European citizens drive less dangerously and are kinder while driving, according to the annual Vinci Autoroutes barometer released recently.
Dangerous behaviors are still very common among the European regions: 88% of drivers in 12 European countries surveyed by Ipsos admitted that they violated – although rarely sometimes – the speed limit (-1 point compared to last year) and 61% did not respect the safety distances (-3).
But among the 14 indicators that count dangerous road behaviors, eight are falling and only two are rising: drivers are usually using Bluetooth with a built-in loudspeaker and are entering GPS parameters while driving.
Also, while they are still 84% afraid of the aggressive attitude of another driver, they show a little less rudeness: they swear slightly less (55%, -1), honk less (51%, -2), overtake less often from the right (34 %, -2) and stick less often in the car in front (33%, -1).
Instead, they get out of their car more often to ask for explanations from another driver (20%, +1).
By comparison, Mediterranean countries do less well: Greeks get stuck in the car more often than anyone else (47%) and swear more often than the French (79%), while Spanish people like to honk more (66%). A fifth of French drivers, compared to a total 16% in Europe, said they were «not really the same person when driving», and judged themselves to be more nervous, impulsive or aggressive than in any other occasion of their life.
The Greeks are first in terms of dangerous behaviors, a ranking in which the British come last.
Drivers in northern and eastern Europe also have their drawbacks, as do the Swedes and the Dutch: the former exceed the speed limits more than anyone else (92%), have less respect for safety distances (74%) and are also those who take their eyes off the road for more than two seconds (88%).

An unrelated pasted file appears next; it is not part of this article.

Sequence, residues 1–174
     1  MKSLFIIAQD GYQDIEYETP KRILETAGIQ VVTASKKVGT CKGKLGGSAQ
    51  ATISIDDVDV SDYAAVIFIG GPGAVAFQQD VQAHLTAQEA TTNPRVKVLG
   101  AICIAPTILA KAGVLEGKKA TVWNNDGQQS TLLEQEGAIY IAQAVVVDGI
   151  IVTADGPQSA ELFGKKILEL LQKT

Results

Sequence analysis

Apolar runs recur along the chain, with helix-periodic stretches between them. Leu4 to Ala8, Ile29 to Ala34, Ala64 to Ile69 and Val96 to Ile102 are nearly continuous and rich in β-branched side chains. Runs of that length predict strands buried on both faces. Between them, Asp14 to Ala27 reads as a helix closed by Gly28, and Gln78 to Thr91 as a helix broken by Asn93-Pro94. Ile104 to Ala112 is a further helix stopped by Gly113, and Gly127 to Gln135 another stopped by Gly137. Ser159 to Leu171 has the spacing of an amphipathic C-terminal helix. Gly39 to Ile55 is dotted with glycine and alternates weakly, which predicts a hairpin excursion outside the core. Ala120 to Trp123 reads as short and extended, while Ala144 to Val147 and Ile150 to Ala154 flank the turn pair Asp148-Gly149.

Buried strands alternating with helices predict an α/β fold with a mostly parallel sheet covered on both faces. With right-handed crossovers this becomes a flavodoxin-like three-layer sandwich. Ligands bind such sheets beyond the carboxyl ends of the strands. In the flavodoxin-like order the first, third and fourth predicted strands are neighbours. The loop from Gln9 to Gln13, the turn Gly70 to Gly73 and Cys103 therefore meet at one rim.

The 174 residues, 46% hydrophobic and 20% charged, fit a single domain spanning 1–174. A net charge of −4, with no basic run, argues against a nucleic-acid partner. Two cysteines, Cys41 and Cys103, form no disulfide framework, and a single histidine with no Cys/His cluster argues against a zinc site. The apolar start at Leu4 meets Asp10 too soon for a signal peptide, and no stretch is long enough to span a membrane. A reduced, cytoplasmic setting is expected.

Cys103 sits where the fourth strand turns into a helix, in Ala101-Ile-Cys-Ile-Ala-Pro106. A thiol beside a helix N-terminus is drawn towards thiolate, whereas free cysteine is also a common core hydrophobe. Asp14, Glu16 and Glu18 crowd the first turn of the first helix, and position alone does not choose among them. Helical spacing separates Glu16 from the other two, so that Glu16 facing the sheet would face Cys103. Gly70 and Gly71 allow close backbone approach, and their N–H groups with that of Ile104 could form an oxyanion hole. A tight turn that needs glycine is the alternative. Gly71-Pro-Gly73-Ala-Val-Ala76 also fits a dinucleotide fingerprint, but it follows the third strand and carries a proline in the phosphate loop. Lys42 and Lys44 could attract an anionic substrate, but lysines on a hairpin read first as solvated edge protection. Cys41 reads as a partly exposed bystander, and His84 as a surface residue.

The latter are the ones who pass more often from the right on the highway (48%), while Polish people get out of their car more often for quarrels (37%).
It is worth mentioning that Denmark took specific measures in order to confiscate cars and revoke licences from reckless drivers.
The survey was conducted on a sample of 12,400 Europeans aged 16 and over, with a minimum of 1,000 respondents in each of the 12 countries surveyed.
At the same time, according to EU data, a number of 22,800 road traffic fatalities occurred in the 27 European Union countries in 2019. This number show a decline compared to 2010 (7,000 fewer), representing a decrease of 23%. The number fell by 2% from 2018.
While the underlying trend remains downward, progress had slowed in most countries since 2013. Statistics show that the EU target of halving the number of road deaths by 2020 from 2010 would not be met, the European Commission said recently in a report.
«The 2020 may prove to be a year that the number of road fatalities is likely to drop significantly in view of the measures taken to tackle coronavirus but not by enough to meet the target», according to what has said the European Commission.
Summarizing the above data, we can say with certainty that French and Greeks are the rudest drivers. This conclusion is not a surprise for the Greek drivers who are really nervous while driving. On the other hand Swedes are most likely to drive too fast. Swedes also are most likely to drive too close to another car. The Dutch drivers are the most likely to fight. Lastly, Spanish drivers are most likely to use the horn of their car.